Tonsillectomy: Everything you need to know
A tonsillectomy is one of the most common surgical procedures in the UK amongst children. And although it is often seen as a child-specific surgery, many adults go through tonsil removal surgery as well.
If you (or your child) require a tonsillectomy, or your doctor is considering this as an option for you in the future, it is important to be as informed as possible about the procedure.
This article will provide a comprehensive guide to everything you need to know about tonsillectomies, including who needs one, what the medical procedure is, what to expect before, during, and after, the risks and benefits, and how to prepare for a tonsillectomy.
By the end of this article, you will have a better understanding of whether a tonsillectomy is the right course of treatment for you or your child. And hopefully, you will feel a lot more comfortable about your upcoming surgery!
What is a tonsillectomy?
A tonsillectomy is a surgical procedure to remove the tonsils. Tonsils are the two small glands located at the back of the throat, one on each side. They are part of the lymphatic system, which helps to fight infection.
A tonsillectomy is typically done to treat infections or other conditions that affect the tonsils. In fact, in the UK, 83% of tonsillectomies in adults occur as a result of chronic tonsillitis or adenoiditis.
Tonsillectomies are usually performed in a hospital or outpatient surgery centre. While it was more common to do tonsillectomies under local anaesthetic 50 years ago, these days the procedure is typically done under general anaesthesia, which means the patient will be asleep during the surgery.
After the tonsils are removed, the patient will need to stay in the hospital for a few hours for observation. In most cases, you can go home the same day. In the rare case of complications, you may be asked to stay overnight for observation.
Who needs a tonsillectomy?
A tonsillectomy can be performed at any age, though it is most commonly recommended for children who have recurrent or chronic tonsillitis. Tonsillitis is a common illness during childhood, but most children recover without needing surgery. If a child isn’t suffering from chronic tonsillitis, they may still be offered the surgery if their inflamed tonsils are causing sleep-disordered breathing, such as obstructive sleep apnea, or making them worse.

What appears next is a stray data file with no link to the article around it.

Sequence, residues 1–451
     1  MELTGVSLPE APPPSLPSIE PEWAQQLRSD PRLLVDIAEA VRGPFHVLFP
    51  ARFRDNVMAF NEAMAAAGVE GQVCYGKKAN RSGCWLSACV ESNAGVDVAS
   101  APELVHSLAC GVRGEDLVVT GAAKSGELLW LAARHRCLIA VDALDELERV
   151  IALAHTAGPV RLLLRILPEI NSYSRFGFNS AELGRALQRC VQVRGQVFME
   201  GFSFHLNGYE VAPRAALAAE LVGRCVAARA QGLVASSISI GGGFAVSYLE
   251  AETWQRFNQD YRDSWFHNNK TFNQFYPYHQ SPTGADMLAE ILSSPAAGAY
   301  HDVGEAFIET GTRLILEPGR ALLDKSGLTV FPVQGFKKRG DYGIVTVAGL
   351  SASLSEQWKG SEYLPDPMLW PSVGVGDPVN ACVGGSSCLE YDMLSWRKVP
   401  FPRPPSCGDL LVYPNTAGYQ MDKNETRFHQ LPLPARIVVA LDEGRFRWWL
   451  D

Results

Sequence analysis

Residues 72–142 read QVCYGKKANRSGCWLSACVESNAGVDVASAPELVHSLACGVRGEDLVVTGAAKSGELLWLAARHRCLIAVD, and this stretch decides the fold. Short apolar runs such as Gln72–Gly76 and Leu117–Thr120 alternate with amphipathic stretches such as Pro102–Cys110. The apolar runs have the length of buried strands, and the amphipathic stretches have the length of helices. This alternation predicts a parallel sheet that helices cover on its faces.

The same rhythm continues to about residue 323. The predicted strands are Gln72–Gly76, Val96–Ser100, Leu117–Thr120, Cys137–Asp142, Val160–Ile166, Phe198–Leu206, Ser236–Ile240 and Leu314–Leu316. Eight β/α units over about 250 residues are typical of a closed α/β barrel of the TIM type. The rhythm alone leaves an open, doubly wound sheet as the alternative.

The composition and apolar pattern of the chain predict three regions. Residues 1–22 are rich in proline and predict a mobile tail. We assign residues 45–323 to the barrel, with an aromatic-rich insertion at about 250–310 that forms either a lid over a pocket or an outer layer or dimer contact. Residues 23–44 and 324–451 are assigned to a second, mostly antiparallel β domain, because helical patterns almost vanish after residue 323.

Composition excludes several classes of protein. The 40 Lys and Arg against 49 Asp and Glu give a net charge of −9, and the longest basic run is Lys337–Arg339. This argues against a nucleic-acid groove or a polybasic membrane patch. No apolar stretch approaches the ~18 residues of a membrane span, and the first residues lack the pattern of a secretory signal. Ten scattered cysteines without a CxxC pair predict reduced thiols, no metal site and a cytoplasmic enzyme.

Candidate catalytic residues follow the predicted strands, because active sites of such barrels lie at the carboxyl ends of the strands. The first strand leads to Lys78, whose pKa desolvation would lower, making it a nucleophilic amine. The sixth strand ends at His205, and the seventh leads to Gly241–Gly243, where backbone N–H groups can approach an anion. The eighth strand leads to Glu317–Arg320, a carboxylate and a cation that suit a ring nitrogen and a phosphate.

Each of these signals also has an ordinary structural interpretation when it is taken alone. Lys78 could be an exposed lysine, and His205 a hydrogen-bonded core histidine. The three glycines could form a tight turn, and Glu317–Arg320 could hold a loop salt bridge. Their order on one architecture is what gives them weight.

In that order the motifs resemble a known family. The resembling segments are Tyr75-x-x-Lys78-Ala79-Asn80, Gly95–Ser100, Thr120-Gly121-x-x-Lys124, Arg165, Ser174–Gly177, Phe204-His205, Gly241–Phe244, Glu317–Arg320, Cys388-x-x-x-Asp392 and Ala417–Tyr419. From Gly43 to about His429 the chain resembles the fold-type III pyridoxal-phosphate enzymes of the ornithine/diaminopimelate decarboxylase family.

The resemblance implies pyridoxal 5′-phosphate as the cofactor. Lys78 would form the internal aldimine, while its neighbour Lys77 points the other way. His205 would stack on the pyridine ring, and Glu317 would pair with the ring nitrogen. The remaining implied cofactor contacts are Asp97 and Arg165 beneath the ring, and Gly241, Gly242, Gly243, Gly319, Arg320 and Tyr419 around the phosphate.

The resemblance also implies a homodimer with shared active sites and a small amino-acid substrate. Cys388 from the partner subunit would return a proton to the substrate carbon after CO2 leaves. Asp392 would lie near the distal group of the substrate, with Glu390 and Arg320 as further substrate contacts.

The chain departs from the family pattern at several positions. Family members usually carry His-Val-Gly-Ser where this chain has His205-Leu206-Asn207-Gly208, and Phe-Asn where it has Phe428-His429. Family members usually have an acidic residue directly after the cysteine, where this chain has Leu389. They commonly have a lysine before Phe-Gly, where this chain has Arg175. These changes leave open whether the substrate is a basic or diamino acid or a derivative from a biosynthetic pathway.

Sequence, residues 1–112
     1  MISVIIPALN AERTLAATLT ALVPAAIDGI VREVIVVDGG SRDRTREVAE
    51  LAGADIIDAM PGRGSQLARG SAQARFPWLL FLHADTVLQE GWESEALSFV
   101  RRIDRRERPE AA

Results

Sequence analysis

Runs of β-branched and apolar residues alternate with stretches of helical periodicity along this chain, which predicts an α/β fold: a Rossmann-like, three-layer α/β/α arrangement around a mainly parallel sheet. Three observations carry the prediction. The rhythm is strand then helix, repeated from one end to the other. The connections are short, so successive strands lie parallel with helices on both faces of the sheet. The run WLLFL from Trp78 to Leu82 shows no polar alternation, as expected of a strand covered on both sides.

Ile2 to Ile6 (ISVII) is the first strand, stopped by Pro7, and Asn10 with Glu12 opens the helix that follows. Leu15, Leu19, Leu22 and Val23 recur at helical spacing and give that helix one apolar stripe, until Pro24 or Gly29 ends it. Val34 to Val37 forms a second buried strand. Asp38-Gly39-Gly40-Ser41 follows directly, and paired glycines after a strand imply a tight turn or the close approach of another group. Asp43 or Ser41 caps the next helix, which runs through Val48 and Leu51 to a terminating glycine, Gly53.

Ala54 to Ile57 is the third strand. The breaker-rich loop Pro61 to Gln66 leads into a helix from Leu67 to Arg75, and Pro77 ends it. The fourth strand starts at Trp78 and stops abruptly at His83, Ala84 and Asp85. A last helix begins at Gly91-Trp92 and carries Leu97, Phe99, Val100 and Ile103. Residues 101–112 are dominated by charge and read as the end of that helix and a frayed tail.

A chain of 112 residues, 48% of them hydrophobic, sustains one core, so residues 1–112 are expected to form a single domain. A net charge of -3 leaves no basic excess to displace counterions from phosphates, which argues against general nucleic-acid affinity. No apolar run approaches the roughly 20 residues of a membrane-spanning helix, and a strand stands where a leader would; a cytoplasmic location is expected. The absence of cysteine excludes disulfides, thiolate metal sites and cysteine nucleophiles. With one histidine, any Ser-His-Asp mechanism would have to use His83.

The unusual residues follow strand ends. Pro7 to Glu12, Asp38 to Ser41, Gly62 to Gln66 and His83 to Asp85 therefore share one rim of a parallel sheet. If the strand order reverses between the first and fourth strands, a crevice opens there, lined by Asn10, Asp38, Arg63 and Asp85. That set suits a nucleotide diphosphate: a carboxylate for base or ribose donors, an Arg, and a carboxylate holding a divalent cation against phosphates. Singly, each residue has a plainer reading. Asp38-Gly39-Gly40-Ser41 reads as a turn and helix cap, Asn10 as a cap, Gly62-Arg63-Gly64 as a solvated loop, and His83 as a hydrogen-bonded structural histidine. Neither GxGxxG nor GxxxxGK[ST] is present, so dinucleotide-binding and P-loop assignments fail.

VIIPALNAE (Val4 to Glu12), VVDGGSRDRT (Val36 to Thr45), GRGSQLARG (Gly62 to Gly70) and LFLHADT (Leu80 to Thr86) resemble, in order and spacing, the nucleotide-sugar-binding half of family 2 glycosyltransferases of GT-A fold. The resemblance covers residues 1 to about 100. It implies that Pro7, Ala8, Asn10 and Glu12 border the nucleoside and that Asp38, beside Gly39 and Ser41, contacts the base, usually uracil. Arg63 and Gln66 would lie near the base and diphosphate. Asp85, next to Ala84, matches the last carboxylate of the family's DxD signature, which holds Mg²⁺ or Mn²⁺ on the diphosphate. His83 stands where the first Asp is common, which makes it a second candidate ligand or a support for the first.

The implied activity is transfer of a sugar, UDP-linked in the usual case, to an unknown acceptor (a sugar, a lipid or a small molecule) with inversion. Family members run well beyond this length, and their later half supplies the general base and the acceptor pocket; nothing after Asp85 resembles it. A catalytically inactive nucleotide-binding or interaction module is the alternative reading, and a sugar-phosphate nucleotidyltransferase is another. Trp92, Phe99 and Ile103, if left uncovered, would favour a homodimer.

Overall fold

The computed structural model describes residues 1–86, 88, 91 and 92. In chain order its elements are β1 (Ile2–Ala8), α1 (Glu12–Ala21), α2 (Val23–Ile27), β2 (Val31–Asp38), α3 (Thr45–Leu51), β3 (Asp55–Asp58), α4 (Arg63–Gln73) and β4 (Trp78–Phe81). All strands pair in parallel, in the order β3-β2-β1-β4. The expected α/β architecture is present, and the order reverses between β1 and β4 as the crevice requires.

It’s thought that in the past, tonsillectomies were over-prescribed to children. As a result, GPs are far less likely to recommend and refer patients for the procedure unless tonsillitis affects their quality of life or causes significant health consequences.
In adults, a tonsillectomy is usually only recommended if other treatment options have failed. Treatment options for adults with tonsillitis include antibiotics and pain relievers.
The main reason doctors will recommend an adult for a tonsillectomy is when they suffer from chronic tonsillitis, preventing them from being able to ward off infection as easily as they should. At this point, the main course of treatment is steroids, which may be prescribed to reduce severely swollen tonsils. If this sounds like something you’re suffering from, it’s worth having a conversation with your GP about your treatment options.
As well as tonsillitis, surgery may be an option for adults who have sleep-disordered breathing and need more space in their windpipes.
A tonsillectomy is a major surgery and as with most surgeries, it carries risks such as bleeding, infection, and reaction to anaesthesia. The decision to have a tonsillectomy should be made after careful consideration and discussion with your or your child’s doctor.
How does a tonsillectomy work?
A tonsillectomy is a surgical procedure to remove the tonsils that usually takes anywhere between 30–60 minutes, depending on how easy it is to remove the tonsil tissue from your throat. During your tonsillectomy, you will be put under general anaesthetic. Your surgeon will then remove your tonsils through your mouth.
There are different methods used for tonsil removal, including: